Serdadu yang jumlahnya masih sedikit hanya kenal satu dua dalang pemberontakan lewat foto yang mereka bawa, juga lewat selebaran-selebaran yang mereka tempelkan di dinding kedai, dan meunasah sebagai seruan kepada masyarakat agar melaporkan kepada tentara bila ada yang melihat orang-orang dalam selebaran itu.

Namun, kala perang berlangsung lama dan keadaan para pejuang makin terjepit, mereka meminta uang dengan paksa pada siapa saja sebagai biaya perjuangan. Mereka tidak bisa lagi menemui orang-orang kaya di kota. Sehingga, pajak nanggroe kemudian diwajibkan pada penduduk kampung yang masih bisa didatangi, tak peduli bahwa kaum petani itu hidup menderita dan papa.

Hasan terengah menarik karung berisi panenan diantara tanaman cabai di ladang.

Kampung Kulam yang tinggal kenangan dan telah menjadi hutan besar, tempat ular dan babi bersarang. Di kampung itu pula banyak penduduk yang mati dan telah terkubur. Hasan teringat bapak, mak, dan adik perempuannya. Seketika air mata jatuh menimpa ujung sepatu bot karet yang selalu dipakainya di luar rumah.

***

Sambil memetik cabai, Hasan mengunyah sebatang alang-alang sambil mengingat kembali saat para tentara marah besar sebab seorang pejuang nekat menghadang truk tentara dan membunuh sepasukan serdadu dengan tembakan bazoka.

Ratusan tentara datang keesokan harinya membakar rumah-rumah, dan menembaki siapa saja. Kampung tempat Hasan tinggal jadi ladang pembantaian. Tak peduli perempuan dan anak-anak, beberapa dari mereka ikut terkapar bersama laki-laki yang rubuh ke tanah bersimbah darah. Beruntung bagi Hasan dan istrinya, mereka saat itu tidak sedang di rumah. Mereka berada di ladang.

Dari ladang yang berjarak sekitar satu kilometer dari rumah, mereka bisa mengetahui kegaduhan di pemukiman, teriakan-teriakan prajurit yang menghardik dan memaki, serta letusan tembakan berkali-kali yang getarannya sampai ke dada. Setiap kali bedil meletus, napas Hasan tertahan dan jantungnya berdebar. Saat letusan senjata terjadi saling sahut, seakan ada segerombolan lain balas menyerang, Hasan dan istrinya yang sedang bunting lari menghilang ke hutan.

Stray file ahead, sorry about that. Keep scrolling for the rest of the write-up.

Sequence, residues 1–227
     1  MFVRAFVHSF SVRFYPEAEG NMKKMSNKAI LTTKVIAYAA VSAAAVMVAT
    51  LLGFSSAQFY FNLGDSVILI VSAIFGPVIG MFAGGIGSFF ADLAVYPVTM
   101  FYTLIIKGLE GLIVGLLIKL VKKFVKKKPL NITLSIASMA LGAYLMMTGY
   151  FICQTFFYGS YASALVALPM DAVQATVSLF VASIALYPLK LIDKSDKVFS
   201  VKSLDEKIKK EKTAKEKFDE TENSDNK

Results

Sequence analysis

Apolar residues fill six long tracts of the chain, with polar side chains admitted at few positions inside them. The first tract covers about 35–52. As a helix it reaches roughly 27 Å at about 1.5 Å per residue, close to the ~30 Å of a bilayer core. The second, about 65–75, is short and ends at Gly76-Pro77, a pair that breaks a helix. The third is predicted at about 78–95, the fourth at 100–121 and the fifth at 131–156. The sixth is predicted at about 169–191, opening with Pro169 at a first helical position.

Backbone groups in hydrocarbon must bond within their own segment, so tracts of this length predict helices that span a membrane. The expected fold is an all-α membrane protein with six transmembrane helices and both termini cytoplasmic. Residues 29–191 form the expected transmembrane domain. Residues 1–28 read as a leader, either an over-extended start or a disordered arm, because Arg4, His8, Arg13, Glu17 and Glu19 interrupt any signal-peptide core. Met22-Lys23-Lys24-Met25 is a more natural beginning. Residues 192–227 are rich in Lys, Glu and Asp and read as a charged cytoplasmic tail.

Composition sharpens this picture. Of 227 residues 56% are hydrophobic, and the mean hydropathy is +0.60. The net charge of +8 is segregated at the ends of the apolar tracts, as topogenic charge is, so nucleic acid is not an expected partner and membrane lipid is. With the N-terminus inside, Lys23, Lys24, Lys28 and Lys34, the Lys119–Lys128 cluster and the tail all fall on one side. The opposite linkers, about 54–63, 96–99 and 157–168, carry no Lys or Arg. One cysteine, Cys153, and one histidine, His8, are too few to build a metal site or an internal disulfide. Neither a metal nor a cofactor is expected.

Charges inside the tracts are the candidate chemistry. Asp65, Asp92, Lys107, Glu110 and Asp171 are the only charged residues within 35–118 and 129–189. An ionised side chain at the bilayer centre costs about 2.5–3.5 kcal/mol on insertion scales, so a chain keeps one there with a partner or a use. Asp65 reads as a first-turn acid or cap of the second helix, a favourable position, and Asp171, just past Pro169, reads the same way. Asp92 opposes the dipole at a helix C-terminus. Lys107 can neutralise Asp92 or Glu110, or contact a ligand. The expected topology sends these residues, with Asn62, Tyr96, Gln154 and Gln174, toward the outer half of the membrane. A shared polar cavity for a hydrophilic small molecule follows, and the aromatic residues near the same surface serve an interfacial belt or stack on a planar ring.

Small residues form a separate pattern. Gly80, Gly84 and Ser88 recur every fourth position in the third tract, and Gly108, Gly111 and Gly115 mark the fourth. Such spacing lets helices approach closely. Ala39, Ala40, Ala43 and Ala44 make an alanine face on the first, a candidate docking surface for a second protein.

Ketika sejumlah tentara itu pulang ke pos mereka masing-masing, Hasan menemukan kampungnya sudah rata. Tak ada lagi rumah orang tuanya, tak ada rumah tetangga, tak ada lagi rumah yang tersisa. Semua sudah musnah dibakar. Cuma mayat-mayat terkapar di halaman rumah, dan berserakan di ladang-ladang kelapa dan palawija. Hanya mereka yang berada jauh dari pemukiman saja yang selamat. Melihat semua itu, jiwa Hasan terguncang selama berhari-hari kemudian serupa orang hilang ingatan.

Ketika sadar, dia menangis. Mengutuki perang. Kemudian hari, setelah guncangan jiwanya mereda, dia belajar untuk lupa. Hidup di sini harus bisa melupakan luka. Hidup menuntutnya bekerja. Dia bersama istrinya membangun gubuk baru di kampungnya sekarang.

***

Ratusan, mungkin juga sudah ribuan kali tentara yang mendirikan pos di pinggir kampung Buket Kuta ini memeriksanya. Hampir saban hari isi rumahnya digeledah, setiap jengkalnya diperiksa, dan mereka tak pernah menemukan senjata. Meskipun begitu, setiap kali serdadu datang memeriksa dan mengawasi kampung itu, Hasan tetap menjadi bulan-bulanan penyiksaan, sebagaimana juga setiap lelaki yang mereka temui.

Tentara sengaja memukuli penduduk, agar orang-orang membenci pejuang. Tersebab pejuanglah mereka terus-terusan dianiaya. Karena tidak sanggup melawan prajurit-prajurit garang bersenjata lengkap itu, penduduk menjadi marah dan geram dengan orang-orang yang melawan pemerintah. Ketika serdadu datang, merekalah yang harus lari menyelamatkan diri ke hutan untuk menghindari penyiksaan.